MALAGA, SPAIN -- I have seen the future of real-time data-based marketing and it’s inside a restaurant that will be opening in downtown Los Angeles in a few weeks.
The restaurant, which will be operated by Stockholm-based hospitality design firm Livit, is the 2.0 version of a living test lab it has been operating in Sweden for the past two years, and the most remarkable thing they both serve isn’t culinary, it’s data.
Most importantly, the data the restaurants use to optimize their consumers’ experience -- and patronage -- fundamentally isn’t digital. It’s real-world information that informs better real-world experiences that lead to real-world cash register ringing.
"It’s all invisible to the guest," Livit CEO Benjamin Calleja said during the opening keynote at the I-COM Global Summit here, referring to the flow of data and how it is applied to get people to come in, order more and stay the optimal length of time.
The restaurants do utilize an abundance of digital data, tracking every piece of data moving around their locations -- the MAC addresses of people’s devices, Bluetooth beacons, and even heat-mapping. They also track it inside, Calleja said, estimating that half the space inside the restaurants are affixed with some kind of “sensor.”
But the data is gathered and processed utilizing advanced AI and machine learning for one ultimate purpose: to improve its patrons’ experiences in a 100% frictionless way.
“They don’t even know they are part of a living lab,” Calleja explains, adding that their digital device data is just the tip of the iceberg. He said the restaurants also conduct real-world, in-person interviews with patrons -- buying them a cup of coffee in exchange for a few minutes of their input -- because as important as AI and computing power are, understanding the interpersonal emotional aspects of patrons is a vital component, too.
Calleja showed an example leveraging design to evoke surprising emotional responses in patrons: a sleek, black pizza takeout box designed to look more like an expensive jewelry box than the standard cardboard version (see image below). The box cost 10 times more than a standard pizza delivery box, but delivered more than a proportionate return on the investment, yielding a pizza price 27% higher than a standard pie.
Calleja also showed examples of how his test restaurants utilize sound in the form of ambient music to influence patrons’ behaviors, getting them to stay longer or leave sooner, or order more of different items from the menu, simply by aligning the right tunes and sound levels with their unconscious emotional responses.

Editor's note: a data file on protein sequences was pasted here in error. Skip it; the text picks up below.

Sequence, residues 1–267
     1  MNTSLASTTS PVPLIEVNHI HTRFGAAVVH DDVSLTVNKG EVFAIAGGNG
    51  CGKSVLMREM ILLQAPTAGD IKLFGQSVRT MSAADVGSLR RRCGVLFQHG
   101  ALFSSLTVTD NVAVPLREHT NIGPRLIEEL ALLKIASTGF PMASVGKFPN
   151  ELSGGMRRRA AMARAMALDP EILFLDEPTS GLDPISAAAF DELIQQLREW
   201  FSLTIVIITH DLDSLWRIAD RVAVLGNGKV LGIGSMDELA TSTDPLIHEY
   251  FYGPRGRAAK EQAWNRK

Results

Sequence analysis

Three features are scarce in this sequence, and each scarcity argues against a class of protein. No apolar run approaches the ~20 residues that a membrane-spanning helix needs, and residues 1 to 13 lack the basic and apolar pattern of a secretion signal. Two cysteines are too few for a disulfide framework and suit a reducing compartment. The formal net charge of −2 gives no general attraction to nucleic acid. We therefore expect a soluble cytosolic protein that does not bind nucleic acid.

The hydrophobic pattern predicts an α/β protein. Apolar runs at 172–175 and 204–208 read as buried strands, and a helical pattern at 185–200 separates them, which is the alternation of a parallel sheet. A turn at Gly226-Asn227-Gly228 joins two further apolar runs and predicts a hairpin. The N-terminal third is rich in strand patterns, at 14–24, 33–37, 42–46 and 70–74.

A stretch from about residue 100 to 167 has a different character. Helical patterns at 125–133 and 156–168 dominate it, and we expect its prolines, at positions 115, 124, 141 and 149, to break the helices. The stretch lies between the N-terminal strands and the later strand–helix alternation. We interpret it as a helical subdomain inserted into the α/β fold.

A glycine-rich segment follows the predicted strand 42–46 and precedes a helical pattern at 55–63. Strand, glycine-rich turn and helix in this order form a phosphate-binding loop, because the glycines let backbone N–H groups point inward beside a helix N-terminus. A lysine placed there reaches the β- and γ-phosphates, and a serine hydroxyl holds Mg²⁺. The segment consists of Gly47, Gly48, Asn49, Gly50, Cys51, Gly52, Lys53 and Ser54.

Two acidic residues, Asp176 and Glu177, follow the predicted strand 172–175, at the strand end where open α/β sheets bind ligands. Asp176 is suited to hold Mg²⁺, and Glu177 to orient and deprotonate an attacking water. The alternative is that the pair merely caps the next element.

Using data from music database Soundcloud that aligns consumers’ unconscious emotional sentiment with brands, Calleja showed examples of lifts in brand sentiment, sales and even their inclination to order different items from the restaurants’ menu.
Even something as simple as boosting the sound level can lead to profound changes in consumer behavior he said, noting that when the audio was increased from 15 decibels correlated to a 10% increase in people ordering “more unhealthy food.”
By aligning the right audio, lighting and even scent experiences in a restaurant, Calleja said his labs have proven that restaurants can create “dayparting” effects to drive traffic and ordering at specific levels at specific intervals, which enables them to manage resources better on the backend, such as ordering supplies and staffing to appropriate levels.
When Livit changed the aroma in a pizza restaurant from a wood-fired oven scent to the smell of fresh basil, salad sales soared 13%.
Calleja did not say what new data innovations would be applied in the soon-to-be-opened L.A. restaurant lab, but he did provide ample location data to show how Livit optimized its location based on knowledge about where people live and/or work in the region.
He noted that situating the restaurant closer to where people work, optimizes lunch-time sales, whereas putting it near where they live increases dinner-time sales.